Tuesday, March 26, 2013


Management in all business and organizational activities is the act of getting people together to accomplish desired goals and objective using available resources efficiently and effectively. Management comprises of planning, organization, staffing, leadership and control of an organization (a group of one or more people or entities) or effort for the purpose of accomplishing a goal. 
Since organizations can be viewed as systems, management can also be defined as human action, including design, to facilitate the production of useful outcomes from a system. 
One could view management functionally, such as measuring quantity, adjusting plans, meeting goals. This applies even in situations where planning does not take place. From this perspective, Henry Fayol (1841–1925) considers management to consist of six functions: forecasting, planning, organizing, commanding, coordinating and controlling. He was one of the most influential contributors to modern concepts of management.
Another way of thinking, Mary Parker Follet (1868–1933), defined management as "the art of getting things done through people". She described management as philosophy.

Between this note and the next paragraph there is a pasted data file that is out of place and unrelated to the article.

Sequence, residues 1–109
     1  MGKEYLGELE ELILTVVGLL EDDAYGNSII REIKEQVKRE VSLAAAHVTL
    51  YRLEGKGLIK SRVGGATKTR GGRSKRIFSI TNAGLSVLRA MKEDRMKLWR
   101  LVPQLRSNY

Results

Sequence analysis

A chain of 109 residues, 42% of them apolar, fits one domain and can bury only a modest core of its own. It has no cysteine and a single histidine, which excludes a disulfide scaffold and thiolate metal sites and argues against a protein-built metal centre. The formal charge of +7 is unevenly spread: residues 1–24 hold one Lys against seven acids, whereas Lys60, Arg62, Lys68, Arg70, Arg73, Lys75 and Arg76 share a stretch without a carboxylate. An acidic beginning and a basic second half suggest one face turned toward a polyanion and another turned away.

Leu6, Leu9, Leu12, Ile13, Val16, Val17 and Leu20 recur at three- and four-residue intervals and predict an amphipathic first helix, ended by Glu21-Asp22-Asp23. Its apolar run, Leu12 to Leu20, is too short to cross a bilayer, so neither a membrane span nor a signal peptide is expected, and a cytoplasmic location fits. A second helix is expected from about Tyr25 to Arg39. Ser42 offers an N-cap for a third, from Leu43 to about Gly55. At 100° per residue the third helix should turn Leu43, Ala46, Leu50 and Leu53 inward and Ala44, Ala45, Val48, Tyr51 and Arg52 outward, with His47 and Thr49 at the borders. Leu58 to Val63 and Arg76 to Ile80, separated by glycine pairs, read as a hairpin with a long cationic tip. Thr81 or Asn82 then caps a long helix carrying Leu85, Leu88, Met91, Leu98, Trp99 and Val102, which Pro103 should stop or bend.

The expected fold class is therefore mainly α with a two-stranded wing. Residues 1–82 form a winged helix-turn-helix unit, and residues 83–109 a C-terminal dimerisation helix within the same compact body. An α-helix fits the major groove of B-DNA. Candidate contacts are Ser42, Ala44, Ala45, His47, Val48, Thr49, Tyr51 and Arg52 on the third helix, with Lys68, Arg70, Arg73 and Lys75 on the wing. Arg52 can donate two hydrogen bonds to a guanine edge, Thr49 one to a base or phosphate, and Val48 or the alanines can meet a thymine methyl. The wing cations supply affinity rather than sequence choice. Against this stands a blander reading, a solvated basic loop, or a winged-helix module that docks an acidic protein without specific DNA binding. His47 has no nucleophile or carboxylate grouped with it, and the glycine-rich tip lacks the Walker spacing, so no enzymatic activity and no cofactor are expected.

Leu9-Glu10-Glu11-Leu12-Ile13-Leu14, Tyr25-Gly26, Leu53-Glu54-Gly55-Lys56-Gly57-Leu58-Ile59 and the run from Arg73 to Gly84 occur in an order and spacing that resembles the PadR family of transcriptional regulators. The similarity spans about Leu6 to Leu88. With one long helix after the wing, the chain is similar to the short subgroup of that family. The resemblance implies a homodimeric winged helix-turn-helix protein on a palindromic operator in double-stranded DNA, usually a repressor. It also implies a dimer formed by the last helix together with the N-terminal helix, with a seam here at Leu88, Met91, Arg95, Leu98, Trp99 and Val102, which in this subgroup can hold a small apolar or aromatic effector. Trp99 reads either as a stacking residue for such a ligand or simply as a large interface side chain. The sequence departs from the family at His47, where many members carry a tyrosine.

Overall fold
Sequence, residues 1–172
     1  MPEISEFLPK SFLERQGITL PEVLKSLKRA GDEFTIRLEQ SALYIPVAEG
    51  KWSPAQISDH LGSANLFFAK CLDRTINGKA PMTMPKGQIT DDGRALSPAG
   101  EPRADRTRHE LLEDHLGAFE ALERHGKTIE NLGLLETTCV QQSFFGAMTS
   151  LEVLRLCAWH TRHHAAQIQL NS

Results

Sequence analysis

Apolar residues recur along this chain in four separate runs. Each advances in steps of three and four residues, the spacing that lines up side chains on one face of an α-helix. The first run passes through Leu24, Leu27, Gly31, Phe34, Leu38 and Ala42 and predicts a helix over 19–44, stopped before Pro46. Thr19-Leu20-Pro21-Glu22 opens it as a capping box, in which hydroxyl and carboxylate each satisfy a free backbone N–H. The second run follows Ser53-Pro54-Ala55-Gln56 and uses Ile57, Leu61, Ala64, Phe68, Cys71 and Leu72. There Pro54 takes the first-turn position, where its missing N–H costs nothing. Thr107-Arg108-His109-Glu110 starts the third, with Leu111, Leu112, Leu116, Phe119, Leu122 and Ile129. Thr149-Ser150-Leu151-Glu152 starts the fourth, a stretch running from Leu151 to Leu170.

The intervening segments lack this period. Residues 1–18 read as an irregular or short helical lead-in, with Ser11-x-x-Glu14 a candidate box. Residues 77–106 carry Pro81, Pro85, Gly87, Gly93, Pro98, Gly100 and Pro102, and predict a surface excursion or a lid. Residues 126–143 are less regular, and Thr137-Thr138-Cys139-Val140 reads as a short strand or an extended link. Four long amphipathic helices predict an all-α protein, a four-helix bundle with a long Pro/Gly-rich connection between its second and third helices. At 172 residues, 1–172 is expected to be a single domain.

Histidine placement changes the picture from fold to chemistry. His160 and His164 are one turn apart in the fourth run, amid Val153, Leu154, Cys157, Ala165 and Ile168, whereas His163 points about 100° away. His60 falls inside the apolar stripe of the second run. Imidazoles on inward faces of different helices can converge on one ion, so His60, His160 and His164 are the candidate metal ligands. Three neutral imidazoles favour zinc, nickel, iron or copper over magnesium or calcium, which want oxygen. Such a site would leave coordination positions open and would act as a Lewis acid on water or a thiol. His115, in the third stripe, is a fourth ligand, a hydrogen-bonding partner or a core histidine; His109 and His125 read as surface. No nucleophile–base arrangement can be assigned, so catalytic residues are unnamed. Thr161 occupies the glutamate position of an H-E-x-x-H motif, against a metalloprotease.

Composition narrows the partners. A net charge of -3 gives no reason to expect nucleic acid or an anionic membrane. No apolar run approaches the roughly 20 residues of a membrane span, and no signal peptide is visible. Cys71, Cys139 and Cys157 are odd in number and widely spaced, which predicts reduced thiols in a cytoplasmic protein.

Some people, however, find this definition useful but far too narrow. The phrase "management is what managers do" occurs widely, suggesting the difficulty of defining management, the shifting nature of definitions and the connection of managerial practices with the existence of a managerial cadre.
One habit of thought regards management as equivalent to "business administration" and thus excludes management in places outside commerce such as public sector or charities. More realistically, however, every organization must manage its work, people, processes, technology, etc. to maximize effectiveness. Nonetheless, many people refer to university departments that teach management as "business schools."
English speakers may also use the term "management" or "the management" as a collective word describing the managers of an organization, for example of a corporation.
As the general recognition of managers as a class solidified during the 20th century and gave perceived practitioners of the art/science of management a certain amount of prestige, so the way opened for popular management ideas. In this context many management trenda may have had more to do with popular psychology than with scientific theories of management.
Towards the end of the 20th century, business management came to consist of six separate branches, namely:
  • Human resource management
  • Operations management or production management
  • Strategic management
  • Marketing management
  • Financial management
  • Information technology management responsible for management information systems